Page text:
The Drexel Maker Movement
Innovation is everywhere, and the spark of creativity in everyone. The Maker Movement hopes to capitalize on this by giving people the courage to try their own ideas, Do-It-Yourself fashion, or by providing the tools and spaces needed to make these ideas and creations a reality.
A Maker Space is the location of an area specifically made, well made for making. Maker Spaces most commonly have different power tools, some a full metal or woodshop, 3-D printers, on-site help, and several computers. This is a Maker’s dream space. Some of these areas are free, while others require a monthly or yearly free. Many schools are starting to create Maker Spaces, in the hopes of teaching the children/students in a more hands on manner, and thus allow the material to stay with them more.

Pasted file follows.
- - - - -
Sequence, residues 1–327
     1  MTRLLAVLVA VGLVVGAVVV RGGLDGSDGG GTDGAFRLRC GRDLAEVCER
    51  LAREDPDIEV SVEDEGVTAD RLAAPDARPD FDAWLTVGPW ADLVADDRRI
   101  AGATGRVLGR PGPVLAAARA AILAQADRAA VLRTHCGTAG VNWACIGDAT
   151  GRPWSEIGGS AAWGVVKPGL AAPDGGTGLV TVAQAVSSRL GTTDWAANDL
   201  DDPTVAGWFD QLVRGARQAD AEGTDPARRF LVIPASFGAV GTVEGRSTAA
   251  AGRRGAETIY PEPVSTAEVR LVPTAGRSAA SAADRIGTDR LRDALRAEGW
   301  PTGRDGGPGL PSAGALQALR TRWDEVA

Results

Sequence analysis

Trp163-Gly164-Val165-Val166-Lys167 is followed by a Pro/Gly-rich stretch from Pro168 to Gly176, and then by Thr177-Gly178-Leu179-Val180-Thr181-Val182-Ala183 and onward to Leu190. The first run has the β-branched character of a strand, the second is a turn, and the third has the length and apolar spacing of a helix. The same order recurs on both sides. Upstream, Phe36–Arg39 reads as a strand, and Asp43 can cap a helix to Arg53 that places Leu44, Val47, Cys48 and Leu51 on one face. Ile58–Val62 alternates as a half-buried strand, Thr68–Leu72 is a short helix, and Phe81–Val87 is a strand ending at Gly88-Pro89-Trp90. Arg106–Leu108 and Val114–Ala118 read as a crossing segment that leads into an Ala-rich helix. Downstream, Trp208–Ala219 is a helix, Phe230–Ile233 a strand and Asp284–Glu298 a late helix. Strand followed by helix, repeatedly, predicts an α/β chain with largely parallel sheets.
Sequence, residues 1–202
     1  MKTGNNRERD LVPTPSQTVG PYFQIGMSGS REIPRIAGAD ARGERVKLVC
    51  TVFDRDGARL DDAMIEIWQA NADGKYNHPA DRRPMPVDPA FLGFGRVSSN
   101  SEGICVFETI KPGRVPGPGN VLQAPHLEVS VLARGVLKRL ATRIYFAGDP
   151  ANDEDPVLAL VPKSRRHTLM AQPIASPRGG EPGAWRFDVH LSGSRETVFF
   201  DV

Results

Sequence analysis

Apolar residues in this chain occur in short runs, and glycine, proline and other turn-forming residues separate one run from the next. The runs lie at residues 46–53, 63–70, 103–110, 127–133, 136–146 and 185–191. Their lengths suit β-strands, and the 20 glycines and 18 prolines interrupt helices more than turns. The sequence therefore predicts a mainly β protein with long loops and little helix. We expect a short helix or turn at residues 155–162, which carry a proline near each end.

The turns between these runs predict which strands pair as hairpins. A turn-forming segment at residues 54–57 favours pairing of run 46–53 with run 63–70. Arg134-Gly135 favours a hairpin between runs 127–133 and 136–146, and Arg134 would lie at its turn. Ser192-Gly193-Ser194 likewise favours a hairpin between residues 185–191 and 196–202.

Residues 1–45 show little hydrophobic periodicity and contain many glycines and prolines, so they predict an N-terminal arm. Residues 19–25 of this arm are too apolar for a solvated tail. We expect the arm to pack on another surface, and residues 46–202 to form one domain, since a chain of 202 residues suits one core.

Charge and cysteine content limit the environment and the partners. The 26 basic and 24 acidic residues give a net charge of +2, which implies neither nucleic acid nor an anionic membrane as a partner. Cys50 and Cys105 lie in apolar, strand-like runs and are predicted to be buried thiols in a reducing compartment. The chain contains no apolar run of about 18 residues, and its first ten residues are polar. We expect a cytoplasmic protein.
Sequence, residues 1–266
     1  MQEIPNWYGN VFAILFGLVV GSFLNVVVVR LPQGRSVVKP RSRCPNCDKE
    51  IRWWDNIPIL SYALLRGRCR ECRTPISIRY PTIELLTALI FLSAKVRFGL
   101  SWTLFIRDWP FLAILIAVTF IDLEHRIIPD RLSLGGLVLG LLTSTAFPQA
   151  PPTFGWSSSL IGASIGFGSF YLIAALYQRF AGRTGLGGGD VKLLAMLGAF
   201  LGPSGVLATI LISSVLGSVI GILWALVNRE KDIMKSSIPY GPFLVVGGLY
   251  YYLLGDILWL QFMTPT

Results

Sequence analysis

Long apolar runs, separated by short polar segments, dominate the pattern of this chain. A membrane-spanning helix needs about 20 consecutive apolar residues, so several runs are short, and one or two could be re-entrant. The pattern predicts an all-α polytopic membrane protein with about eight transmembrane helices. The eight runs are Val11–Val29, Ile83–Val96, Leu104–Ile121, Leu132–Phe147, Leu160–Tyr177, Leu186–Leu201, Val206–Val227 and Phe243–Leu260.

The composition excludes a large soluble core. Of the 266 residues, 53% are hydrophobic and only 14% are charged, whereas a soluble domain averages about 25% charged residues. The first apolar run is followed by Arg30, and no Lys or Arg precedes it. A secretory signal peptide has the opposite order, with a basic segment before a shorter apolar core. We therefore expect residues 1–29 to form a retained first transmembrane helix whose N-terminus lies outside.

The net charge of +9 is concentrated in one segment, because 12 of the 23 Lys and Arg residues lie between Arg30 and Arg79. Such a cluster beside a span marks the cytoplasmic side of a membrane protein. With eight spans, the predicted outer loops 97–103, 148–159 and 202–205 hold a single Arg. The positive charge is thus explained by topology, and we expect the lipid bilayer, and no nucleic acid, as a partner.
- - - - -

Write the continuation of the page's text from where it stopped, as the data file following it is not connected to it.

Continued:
Drexel’s Maker Space is known as the ExCITe Center, which is at the corner of 34th and Market. It is a modest Maker Space, with a large open area, several kinds of 3-D printers, and many computers. There is always a project happening. The reason that Drexel’s Maker Space is so modest is because Drexel would prefer to reach out and help other national Maker Spaces improve, which gives the local community a place to be innovative.
A colleague of mine interviewed Dr. Brian Smith, a professor at Drexel, about the Maker movement and how Drexel impacts it on a whole, and Dr. Smith talked about how through teaching other schools how to effectively use and stock the Maker Spaces available to them, they can teach the community. In Dr. Smith’s words, “They need to be asking what do I want the kids to do…, as soon as [they] know that, the answer to the equipment becomes clear.” With Drexel’s help, many Maker Spaces are bound to get the tools and materials they need, and be able to more effectively impact the communities around them, creating more innovative minds by the day.
*All photos and quotations courtesy of Mayank Gulati and Sabir Ahmed